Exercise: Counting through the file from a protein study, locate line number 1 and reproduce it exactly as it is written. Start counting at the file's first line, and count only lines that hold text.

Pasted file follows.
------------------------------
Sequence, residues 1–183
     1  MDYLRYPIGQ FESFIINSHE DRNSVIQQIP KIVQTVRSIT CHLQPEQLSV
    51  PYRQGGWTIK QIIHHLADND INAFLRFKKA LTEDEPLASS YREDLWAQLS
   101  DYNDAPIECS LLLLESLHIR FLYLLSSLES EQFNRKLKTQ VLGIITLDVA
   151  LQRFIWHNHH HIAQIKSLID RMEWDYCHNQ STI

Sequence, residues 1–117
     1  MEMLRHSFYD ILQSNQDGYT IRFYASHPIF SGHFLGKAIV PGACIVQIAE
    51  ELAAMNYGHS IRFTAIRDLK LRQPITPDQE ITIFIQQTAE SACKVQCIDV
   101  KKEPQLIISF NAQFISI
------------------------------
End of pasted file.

Sequence, residues 1–183